For the past three months I’ve had so many ideas in my head about what to post next, my brain was converted to scrambled eggs. Luckily I jot down my blog ideas in my trusty notebook that I got for free at a lame conference. I’m just now starting to gather my thoughts, and organize them like a crazed worker bee so that I may share with you, my dear readers.
Recently I decided to take an online course at Syracuse University (free for me!), and I’m currently in the middle of “Advanced Poetry Workshop.” Besides story telling, I love poetry. For the most part my poetry is free verse and tackles many a subject. Taking this class has been an eye opener for me — I am forced to know and write sonnets, ballads, odes and the like. One of my assignments was to write a sestina. Say what? I had never heard of such a thing! When the professor posted the description, my body tensed up in fear. Sestinas are no joke! Without getting into the technicality of the structure (just Google or Wikipedia it if it interests you), I was deathly afraid of writing what was to be the hardest thing for me to write — not because I couldn’t come up with words or a subject, but because it had to be formulaic. This poem is mathematical and my head could not wrap around it. I avoided writing it until the last moment.
I was stuck. I didn’t want to be a bad student and give up, but I really didn’t know where to start. Luckily, a friend of mine said to me, “Why don’t you write about beer? Write something light.” And then it hit me! With his mad Excel skills that saved me, I followed the formula, and the words just flowed (no pun intended)! Now that my sestina is finished and has my professor’s stamp of approval, I share with you my very first poem about beer:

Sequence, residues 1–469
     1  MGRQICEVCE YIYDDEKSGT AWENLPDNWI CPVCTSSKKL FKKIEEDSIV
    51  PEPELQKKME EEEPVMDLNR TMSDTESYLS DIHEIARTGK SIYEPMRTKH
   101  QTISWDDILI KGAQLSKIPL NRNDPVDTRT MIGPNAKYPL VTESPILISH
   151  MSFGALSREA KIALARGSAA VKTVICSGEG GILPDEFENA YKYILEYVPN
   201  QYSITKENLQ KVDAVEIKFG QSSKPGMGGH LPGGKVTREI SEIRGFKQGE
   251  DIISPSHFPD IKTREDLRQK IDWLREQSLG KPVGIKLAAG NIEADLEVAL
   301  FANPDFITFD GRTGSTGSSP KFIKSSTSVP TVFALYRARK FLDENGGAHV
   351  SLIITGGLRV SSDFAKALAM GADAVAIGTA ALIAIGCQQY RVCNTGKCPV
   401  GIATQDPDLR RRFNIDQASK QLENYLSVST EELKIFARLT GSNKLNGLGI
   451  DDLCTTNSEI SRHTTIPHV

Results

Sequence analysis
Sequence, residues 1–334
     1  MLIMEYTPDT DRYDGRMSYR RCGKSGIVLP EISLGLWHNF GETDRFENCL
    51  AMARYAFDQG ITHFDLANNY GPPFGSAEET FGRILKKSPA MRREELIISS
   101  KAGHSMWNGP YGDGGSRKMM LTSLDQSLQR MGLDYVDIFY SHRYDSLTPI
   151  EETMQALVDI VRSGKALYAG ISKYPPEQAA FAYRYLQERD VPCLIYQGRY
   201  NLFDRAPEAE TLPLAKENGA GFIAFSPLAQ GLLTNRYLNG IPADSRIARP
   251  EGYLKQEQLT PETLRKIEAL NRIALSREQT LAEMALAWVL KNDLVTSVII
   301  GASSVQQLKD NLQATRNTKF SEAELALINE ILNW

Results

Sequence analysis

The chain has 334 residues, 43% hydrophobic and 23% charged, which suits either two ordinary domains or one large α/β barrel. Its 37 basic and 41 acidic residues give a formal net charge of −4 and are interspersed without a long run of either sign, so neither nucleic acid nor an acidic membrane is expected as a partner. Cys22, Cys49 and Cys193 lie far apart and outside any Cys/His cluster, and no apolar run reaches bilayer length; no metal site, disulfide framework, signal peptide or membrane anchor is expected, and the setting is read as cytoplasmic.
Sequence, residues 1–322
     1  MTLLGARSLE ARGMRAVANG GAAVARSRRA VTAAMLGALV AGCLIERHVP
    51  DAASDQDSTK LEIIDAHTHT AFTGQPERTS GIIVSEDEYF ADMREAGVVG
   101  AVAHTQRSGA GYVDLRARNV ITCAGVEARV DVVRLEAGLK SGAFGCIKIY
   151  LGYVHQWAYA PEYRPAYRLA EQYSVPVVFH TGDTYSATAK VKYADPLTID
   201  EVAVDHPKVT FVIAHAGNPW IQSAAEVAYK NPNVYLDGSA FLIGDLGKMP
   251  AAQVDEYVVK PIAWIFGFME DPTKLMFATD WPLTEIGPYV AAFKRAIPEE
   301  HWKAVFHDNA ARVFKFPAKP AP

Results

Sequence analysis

After the winter’s freeze, it’s time for spring.
The harvest begins her bounty of hops.
Once fully grown, they will soon become a treasure.
I’m getting impatient; I have a great thirst.
After waiting and waiting, the brew finally flows.
My mouth waters as I pour it to drink.
This liquid gold is not just any drink.
It is so special when it touches my lips, I spring.
Just like a creek that flows,
just like a rabbit that hops,
just like a nomad in the desert with an unquenchable thirst,
wandering aimlessly in search of the treasure.
This aqueous concoction, ‘tis my greatest treasure.
In appreciation to Gambrinus, I drink.
One, two, three, four — my mouth is dry, but it still has a thirst.
Just like the plants and flowers need water to spring,
I am an addict to these narcotic hops.
In my blood and veins, the brew flows.
I am the mortal nymph, whose 28 day cycle flows,
beloved earthly life and the sense of taste is such a treasure.
In the wild outback, I’m a kangaroo that hops.
An innocent animal looking for food and drink.
In the presence of the nectar, I am Tigger and I spring.
Wander, swim, and on the hunt, insatiable is my thirst.
Solitary and convivial, no satisfaction, there’s always thirst
that resides from within, and naturally flows.
In my body, my shell, my summer, my spring.
What fills up my holy Grail is a treasure.
I lift it up as if it were a newborn baby, and I drink.
I am a child in Wonderland who skips and hops.
It is this magnificent humulus we know as hops.
Its magical properties bring many a thirst.
I travel endlessly, tirelessly just for this drink.
My imagined heaven is one with a golden river that flows.
Endlessly, bottomless infinity to always treasure.
From childhood to adulthood, there is that special something that makes us spring.
Ireland’s greatest treasure wells from the spring.
I thirst for a Guinness from the Emerald Isle and begin to drink.
I am the Celtic creature who hops to heaven’s liquid that flows.